Next week, we will discuss why believers should be concerned with spiritual fitness in the  21st century.  In the interim, I have a simple assessment to help you “check” your spiritual fitness.

(1) Do you feel spiritually weak and defeated in your efforts to walk holy?

(2) Do you find your choices and life style inconsistent with the teachings of Jesus the Christ?

(3) Is it becoming increasingly more difficult to living out your walk of faith?

If you answered yes to any of these three (3) questions, then it’s time to work on your spiritual fitness. See you next week.

Faith to Persevere: The Application

“All of these died in faith without having received the promises, but from a distance they saw and greeted them. They confessed that they were strangers and foreigners on the earth.”

Hebrews 11:13 (NRS)

 

All the Faith Hall of Famers “died in faith” not having received the promises but having seen them afar were persuaded of them, and embraced them, and confessed that they were strangers and pilgrims on the earth (Heb. 11:13). The word “promises” in this text from Hebrews speaks specifically to the promised Messiah and their future heavenly inheritance.

As “partakers of God’s glory”, we have begun to receive the promises of God on “this side” of eternity (2 Pet. 1.3-11) with the glorious assurance of eternal life on “the other side.”  Informed with that knowledge of God (2 Cor. 4.6) and empowered by the indwelling presence of the Holy Spirit (Acts 1:8), we can move forward with that which God has set before us “being fully persuaded, that what He (God) had promised, He is able also to perform (Rom. 4:21).

Here are three (3) key principles we can adopt from the Faith Hall of Famers to develop persevering faith.

  1. We must believe that He who promises is faithful. This requires that we know Him “personally”. Our schedule should include daily communion and fellowship with Him to better understand His will and His ways (Col. 1:9; Rom. 8:27). Would you put your life in the hands of someone you don’t know personally?  Our confidence comes from knowing Him (Deut. 33:12).
  1. We must understand His promises for our life. This is not only those promises we want for ourselves but those He has designated in His Word for us.  Some scholars have cited 365 promises of God for His people—one for every day of the year. All the promises of God are “yes and amen” (2 Cor. 1:20).
  1. We must look past our experience here on earth. While we acknowledge our presence on “planet earth”, we must remind ourselves daily that we are “pilgrims” traveling through this temporary period called “time”.  “Seeing afar of” requires visual acuity beyond our natural sight resulting in seeing beyond what we can see.  (1 Cor. 2:14-16).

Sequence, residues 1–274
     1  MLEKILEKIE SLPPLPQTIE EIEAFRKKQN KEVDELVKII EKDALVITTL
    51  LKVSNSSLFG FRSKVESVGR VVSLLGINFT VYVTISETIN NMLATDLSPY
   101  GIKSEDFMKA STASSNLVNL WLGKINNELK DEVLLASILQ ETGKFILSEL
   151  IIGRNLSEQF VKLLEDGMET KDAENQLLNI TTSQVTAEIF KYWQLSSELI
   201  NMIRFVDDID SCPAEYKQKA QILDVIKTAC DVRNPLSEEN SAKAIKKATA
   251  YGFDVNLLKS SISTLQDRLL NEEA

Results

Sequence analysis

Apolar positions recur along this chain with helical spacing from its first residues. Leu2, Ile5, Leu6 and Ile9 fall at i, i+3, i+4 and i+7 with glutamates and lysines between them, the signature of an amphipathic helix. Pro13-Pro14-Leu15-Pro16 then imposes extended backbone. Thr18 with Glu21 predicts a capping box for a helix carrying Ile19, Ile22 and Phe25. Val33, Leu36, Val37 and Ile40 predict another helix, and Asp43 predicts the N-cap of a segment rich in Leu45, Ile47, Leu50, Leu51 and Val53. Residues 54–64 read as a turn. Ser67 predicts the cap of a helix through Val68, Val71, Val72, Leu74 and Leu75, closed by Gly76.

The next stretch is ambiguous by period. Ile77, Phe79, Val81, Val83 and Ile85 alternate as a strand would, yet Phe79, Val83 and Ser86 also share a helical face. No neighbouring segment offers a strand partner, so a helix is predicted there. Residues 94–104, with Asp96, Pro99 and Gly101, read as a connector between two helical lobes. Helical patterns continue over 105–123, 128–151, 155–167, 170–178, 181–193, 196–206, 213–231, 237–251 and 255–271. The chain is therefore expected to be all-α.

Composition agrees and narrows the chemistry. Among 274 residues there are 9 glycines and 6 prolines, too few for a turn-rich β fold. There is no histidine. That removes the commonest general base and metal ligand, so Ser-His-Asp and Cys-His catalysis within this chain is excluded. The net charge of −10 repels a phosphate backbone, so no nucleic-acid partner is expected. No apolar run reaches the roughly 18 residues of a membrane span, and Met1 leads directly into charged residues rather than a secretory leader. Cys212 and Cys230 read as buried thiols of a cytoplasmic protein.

I close with these words from Oswald Chambers concerning faith that perseveres:

Have you been asking God what He is going to do? He will never tell you. God does not tell you what He is going to do—He reveals to you who He is. Believe God is always the God you know Him to be when you are nearest to Him. Then think how unnecessary and disrespectful worry is! Let the attitude of your life be a continual willingness to “go out” in dependence upon God, and your life will have a sacred and inexpressible charm about it that is very satisfying to Jesus. You must learn to “go out” through your convictions, creeds, or experiences until you come to the point in your faith where there is nothing between yourself and God.

SELAH:  Meditate on Hebrews 11:13 and then ask the Holy Spirit to reveal what holds you to this earth and unable to “see afar off”.

Faith to Persevere

These all died in faith, not having received the promises, but having seen them afar off,

and were persuaded of them, and embraced them, and

confessed that they were strangers and pilgrims on the earth.

Hebrews 11:13   (NKJ)

To persevere requires one to continue despite difficulties, opposition, or discouragement. This requires not only spiritual power but also faith.  Our friends and family try to reassure us by telling us to “hang in there” or “tough it out” but unfortunately, encouraging words do not always succeed in moving us forward.

That is where “persevering faith” comes in.  Not “saving faith” that we associate with our initial salvation, but the ability to see through difficulties and press forward for the prize (Phil. 3:14).  I’m talking about “the substance of things hoped for and the evidence of things not seen” (Heb. 11:1).  Faith that perseveres looks to the future and visualize the promises of God, in all their fullness.  It was this “forward looking faith” that helped the Faith Hall of Famers to persevere.